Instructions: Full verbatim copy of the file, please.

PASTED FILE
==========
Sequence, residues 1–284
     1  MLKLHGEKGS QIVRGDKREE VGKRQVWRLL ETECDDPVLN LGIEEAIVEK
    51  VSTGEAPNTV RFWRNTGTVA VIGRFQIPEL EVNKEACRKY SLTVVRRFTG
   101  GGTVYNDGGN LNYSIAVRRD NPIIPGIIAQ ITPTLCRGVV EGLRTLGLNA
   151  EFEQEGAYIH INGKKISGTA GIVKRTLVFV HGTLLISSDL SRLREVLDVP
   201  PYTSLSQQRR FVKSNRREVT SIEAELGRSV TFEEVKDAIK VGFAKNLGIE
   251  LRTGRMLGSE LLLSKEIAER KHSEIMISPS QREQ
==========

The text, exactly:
Sequence, residues 1–284
     1  MLKLHGEKGS QIVRGDKREE VGKRQVWRLL ETECDDPVLN LGIEEAIVEK
    51  VSTGEAPNTV RFWRNTGTVA VIGRFQIPEL EVNKEACRKY SLTVVRRFTG
   101  GGTVYNDGGN LNYSIAVRRD NPIIPGIIAQ ITPTLCRGVV EGLRTLGLNA
   151  EFEQEGAYIH INGKKISGTA GIVKRTLVFV HGTLLISSDL SRLREVLDVP
   201  PYTSLSQQRR FVKSNRREVT SIEAELGRSV TFEEVKDAIK VGFAKNLGIE
   251  LRTGRMLGSE LLLSKEIAER KHSEIMISPS QREQ